In 2016, the FCC initiated its first A-CAM offering (A-CAM I). Doc. 1 at ¶ 20. For A-CAM I, the FCC excluded from its support calculations any census blocks in which an unsubsidized carrier was already providing broadband services at the minimum speed of 10 Mbps download, 1 Mbps upload (10/1 Mbps), along with traditional voice service. Doc. 1 at ¶ 21. At the end of 2018, the FCC initiated its second A-CAM offering (A-CAM II). Doc. 1 at ¶ 22. The FCC in A-CAM II excluded from its support calculations any census blocks in which an unsubsidized carrier was already providing broadband service at the minimum speed of 25 Mbps download, 3 Mbps upload (25/3 Mbps), along with traditional voice service. Doc. 1 at ¶ 22. The FCC's support fund decisions under A-CAM I and A-CAM II relied upon information provided in Form 477 submissions. Doc. 1 at ¶ 23. Form 477s are documents that facilities-based broadband providers must file with the FCC twice annually. Doc. 1 at ¶ 13. Form 477 submissions inform the FCC of the census blocks in which various providers offer voice and broadband services, as well as the broadband speeds offered in particular locations. Doc. 1 at ¶ 13.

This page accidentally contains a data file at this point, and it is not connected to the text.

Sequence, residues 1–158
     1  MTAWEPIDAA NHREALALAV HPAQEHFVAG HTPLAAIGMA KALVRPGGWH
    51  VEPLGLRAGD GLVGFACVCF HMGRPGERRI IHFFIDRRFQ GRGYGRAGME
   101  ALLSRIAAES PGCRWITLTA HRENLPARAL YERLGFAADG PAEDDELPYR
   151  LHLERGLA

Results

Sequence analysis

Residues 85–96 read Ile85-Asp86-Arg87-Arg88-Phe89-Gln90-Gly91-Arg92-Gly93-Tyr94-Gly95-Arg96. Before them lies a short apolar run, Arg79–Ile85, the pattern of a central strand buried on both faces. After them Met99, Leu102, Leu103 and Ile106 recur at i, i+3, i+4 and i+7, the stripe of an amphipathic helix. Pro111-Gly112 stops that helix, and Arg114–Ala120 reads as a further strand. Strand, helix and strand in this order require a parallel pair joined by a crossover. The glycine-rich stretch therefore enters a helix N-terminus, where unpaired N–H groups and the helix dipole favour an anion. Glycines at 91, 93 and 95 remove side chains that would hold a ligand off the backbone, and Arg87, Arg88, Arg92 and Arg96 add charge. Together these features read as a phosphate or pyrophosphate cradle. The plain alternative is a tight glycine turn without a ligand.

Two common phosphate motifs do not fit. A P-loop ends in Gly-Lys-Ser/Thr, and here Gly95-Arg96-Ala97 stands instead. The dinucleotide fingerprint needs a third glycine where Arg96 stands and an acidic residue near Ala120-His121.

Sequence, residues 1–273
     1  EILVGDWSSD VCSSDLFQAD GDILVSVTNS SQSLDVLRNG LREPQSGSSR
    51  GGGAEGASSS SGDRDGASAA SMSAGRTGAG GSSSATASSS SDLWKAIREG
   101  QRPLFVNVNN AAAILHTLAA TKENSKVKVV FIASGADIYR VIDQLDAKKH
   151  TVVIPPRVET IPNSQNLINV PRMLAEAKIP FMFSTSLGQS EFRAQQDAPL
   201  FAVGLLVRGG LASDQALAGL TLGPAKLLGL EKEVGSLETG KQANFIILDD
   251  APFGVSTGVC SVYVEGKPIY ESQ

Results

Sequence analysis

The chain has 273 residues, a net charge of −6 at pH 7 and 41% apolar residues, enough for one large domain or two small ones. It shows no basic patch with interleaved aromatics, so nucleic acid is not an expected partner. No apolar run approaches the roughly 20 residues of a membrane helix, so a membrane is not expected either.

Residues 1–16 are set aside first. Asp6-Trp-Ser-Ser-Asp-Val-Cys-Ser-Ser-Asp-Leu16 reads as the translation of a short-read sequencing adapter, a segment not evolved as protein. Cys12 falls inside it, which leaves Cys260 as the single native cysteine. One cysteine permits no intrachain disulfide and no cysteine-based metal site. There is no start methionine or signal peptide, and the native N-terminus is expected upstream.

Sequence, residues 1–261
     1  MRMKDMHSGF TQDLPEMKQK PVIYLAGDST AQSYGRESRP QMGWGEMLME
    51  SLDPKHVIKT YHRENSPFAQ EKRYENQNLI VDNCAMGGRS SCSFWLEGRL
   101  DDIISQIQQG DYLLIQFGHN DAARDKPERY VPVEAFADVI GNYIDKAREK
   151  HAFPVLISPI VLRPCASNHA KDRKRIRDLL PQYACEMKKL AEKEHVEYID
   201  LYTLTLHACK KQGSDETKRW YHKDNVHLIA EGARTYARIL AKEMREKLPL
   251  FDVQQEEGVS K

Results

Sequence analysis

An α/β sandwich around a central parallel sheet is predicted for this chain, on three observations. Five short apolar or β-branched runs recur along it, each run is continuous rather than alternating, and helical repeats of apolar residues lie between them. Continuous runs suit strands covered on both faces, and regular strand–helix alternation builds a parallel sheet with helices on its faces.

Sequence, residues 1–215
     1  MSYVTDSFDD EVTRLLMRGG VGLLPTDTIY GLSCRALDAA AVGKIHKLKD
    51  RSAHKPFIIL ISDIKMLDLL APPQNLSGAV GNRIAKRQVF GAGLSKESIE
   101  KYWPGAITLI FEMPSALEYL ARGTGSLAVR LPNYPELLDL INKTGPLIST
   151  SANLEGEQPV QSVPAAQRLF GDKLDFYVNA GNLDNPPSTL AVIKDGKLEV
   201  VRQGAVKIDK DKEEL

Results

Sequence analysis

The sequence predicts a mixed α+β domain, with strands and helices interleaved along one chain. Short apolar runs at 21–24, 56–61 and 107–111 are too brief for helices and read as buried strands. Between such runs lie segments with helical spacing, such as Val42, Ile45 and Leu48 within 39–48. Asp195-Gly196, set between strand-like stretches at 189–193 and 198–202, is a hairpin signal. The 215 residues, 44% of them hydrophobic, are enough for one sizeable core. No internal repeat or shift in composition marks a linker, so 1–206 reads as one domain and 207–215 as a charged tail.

Venture alleges that defendants James Valley and Northern Valley have "corrupted" and "weaponized" this process. Doc. 1 at ¶ 3. Northern Valley is wholly owned by James Valley, and both companies share the same CEO, an individual named James Groft. Doc. 1 at ¶¶ 10, 35. Significantly, Northern Valley is an unsubsidized carrier. Doc. 1 at ¶ 36. Venture claims that Northern Valley falsely stated in its 2017 Form 477 that it provides 25/3 Mbps broadband service in census blocks that are also served by Venture. Doc. 1 at ¶ 36. This representation, if true, disqualifies Venture from any A-CAM II support in those particular census blocks, which support Venture would otherwise have been entitled to receive. Doc. 1 at ¶¶ 36, 42. Allegedly based on misinformation provided by Northern Valley in its 2017 Form 477, the FCC determined that certain census blocks were receiving adequate voice and broadband services from an unsubsidized carrier, and therefore, has reduced its A-CAM II offering to Venture by $20 million over a ten-year period. Doc. 1 at ¶¶ 37, 42.